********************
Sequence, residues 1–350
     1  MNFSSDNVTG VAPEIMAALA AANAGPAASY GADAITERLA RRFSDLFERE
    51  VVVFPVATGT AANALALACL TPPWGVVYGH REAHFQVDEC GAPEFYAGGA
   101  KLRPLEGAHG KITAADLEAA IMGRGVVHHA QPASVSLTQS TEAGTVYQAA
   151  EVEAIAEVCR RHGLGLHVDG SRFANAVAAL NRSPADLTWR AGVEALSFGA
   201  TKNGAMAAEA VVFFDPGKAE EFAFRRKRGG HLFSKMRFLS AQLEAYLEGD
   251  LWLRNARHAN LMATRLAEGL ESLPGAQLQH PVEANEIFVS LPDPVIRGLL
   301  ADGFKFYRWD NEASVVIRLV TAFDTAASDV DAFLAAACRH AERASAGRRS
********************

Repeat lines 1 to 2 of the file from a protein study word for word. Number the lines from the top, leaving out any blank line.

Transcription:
Sequence, residues 1–350
     1  MNFSSDNVTG VAPEIMAALA AANAGPAASY GADAITERLA RRFSDLFERE